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Drill Press Issue


avengers63
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I was hogging out some pup cavities this weekend when the bit started to have a nasey shimmy to it. When I stopped the drill and raised the thing back up, the chuch had fallen off!!! :D I looked and looked to see what happened, but I couldn't even find out how the thing was attached in the first place. By the looks of it, it was just mashed onto the turney-thing (real techincal, huh) and held on with a hope & a prayer.

So... what do I do now?

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Seriously... the chuck is just jammed onto the verticle axle?

That seems hokey somehow. It seems to me that some kind of screw would be a much more effective means of holding it there than friction. Then again, I'm a network engineer, not a mechanical engineer,so I guess I'll just leace it to them.

Maybe I'll try putting a piece of wood underneath it and lower the press hard onto the block to jam it into place.

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Hey Avenger, what will really get you is when you buy a new fancy drill press and the chuck is not installed! :D

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Yeah, I opened up my last drill press (nothing too special, but better than some I guess) and found no chuck attached and was very confused. Then when I found the chuck in a bag and took it over to the press I was even more confused???? It was then time to read through the instruction manual. I too was very surprised to find that a hammer and block or rubber mallet was the installation procedure for a drill chuck. It was cool though and easy too. I think the way its designed like that helps to ensure you can't screw up the alignment on it, or at least thats what it seems. J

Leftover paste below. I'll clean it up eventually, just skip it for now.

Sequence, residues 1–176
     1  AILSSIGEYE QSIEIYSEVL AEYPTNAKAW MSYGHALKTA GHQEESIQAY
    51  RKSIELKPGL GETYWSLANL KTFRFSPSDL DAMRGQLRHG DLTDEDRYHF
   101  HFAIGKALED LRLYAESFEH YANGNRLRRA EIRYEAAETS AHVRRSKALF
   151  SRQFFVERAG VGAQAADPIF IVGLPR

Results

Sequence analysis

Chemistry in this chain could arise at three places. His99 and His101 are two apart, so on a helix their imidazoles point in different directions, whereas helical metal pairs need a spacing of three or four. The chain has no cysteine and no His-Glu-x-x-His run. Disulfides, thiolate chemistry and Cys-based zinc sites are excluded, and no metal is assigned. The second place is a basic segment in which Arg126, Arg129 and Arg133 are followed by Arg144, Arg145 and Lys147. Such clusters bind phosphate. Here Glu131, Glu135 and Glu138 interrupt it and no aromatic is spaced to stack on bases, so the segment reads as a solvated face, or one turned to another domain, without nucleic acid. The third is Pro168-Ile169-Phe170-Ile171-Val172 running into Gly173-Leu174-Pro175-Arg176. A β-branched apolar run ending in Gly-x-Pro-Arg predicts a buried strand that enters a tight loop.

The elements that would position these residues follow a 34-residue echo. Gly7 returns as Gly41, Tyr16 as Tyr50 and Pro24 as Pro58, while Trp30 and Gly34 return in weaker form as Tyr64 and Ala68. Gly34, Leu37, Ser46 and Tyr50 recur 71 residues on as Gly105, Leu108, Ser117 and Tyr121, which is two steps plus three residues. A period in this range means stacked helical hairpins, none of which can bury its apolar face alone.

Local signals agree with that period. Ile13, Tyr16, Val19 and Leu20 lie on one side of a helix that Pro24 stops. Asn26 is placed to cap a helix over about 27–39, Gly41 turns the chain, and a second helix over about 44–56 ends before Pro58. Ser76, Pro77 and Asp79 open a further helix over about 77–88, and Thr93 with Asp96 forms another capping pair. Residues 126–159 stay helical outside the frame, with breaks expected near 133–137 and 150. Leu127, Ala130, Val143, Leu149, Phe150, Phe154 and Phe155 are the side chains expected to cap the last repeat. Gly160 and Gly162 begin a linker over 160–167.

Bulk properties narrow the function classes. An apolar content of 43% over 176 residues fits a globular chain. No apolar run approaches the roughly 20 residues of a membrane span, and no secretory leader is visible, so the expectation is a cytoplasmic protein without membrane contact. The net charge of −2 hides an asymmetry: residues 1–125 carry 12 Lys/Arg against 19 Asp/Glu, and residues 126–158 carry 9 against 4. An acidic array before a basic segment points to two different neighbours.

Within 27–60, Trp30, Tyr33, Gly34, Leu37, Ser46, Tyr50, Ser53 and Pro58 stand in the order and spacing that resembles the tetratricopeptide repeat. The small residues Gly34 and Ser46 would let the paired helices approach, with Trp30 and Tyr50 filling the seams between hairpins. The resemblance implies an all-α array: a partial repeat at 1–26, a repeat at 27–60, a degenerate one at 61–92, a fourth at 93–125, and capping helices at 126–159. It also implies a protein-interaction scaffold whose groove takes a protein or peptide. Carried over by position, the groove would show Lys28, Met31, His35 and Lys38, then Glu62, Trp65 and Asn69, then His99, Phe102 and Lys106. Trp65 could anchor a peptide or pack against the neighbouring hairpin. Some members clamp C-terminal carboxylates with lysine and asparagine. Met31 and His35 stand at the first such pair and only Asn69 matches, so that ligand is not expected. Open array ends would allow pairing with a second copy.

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much easier to machine a tapered cone than splines (going back hundred + years ago) It's quick to swap parts (if you have two chucks imagine the difference swapping two chuck complete with bits than swapping the bits! it always centres/can't go on squint. All this and it works! genius!

you should shock it onto the shaft using a hammer it how its designed to be done!

Edited by joshvegas
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Woodenspoke once gave me what I think is good advice about these drill chucks. Mine had fallen out after never doing it before for about 10 years or so. Suddenly after using a warped Chinese bit, the chuck found it a fun new hobby to keep falling out on me.

Just wacked it back with hardwood scrap against the chuck ( jaws opened all the way so no contact with HW block).

But Spoke said I should heat the chuck in the oven, while putting the tapered spindle rod in the freezer to get nice and cold. Should provide a tighter fit when the hot and cold are wacked together and then cool to room temp.

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Woodenspoke once gave me what I think is good advice about these drill chucks. Mine had fallen out after never doing it before for about 10 years or so. Suddenly after using a warped Chinese bit, the chuck found it a fun new hobby to keep falling out on me.

Just wacked it back with hardwood scrap against the chuck ( jaws opened all the way so no contact with HW block).

But Spoke said I should heat the chuck in the oven, while putting the tapered spindle rod in the freezer to get nice and cold. Should provide a tighter fit when the hot and cold are wacked together and then cool to room temp.

Actually I don't remember saying that but I might have? I just want to elaborate on the theory here and about chucks and taper Arbors in general.

Having both a hot and cold surface will allow the chuck taper to go that much further into the chuck body when it is bashed together. However I had not had that experience where brute force was not enough to reattach a chuck. I would be careful about heating the chuck to a high temp as the grease may run out of the chuck. And as Soap said heat the chuck and cool the taper.

Most issues I have seen is the Morse Taper (MT) drops out of the drill press quill and the procedure is as people have stated, hammer, piece of wood, clean metal surfaces and no oil or grease. Open the chuck all the way so you are banging on the side of the chuck as Soap had said or you my damage the chuck jaws. Most of my drill presses have come with the chuck off and the MT greased for transport. So you are expected to clean both surfaces before you attach the chuck. Saves having them rusted together on that long trip from China.

The chuck to taper Arbor attachment is called a Jacobs Taper (JT), steeper angle but smaller surface area. Soap is referencing this attachment area with this procedure. Some chucks are integrated and are not two pieces, but in general most chinese chucks are two pieces on less expensive Drill presses.

Hopefully this is not too confusing.

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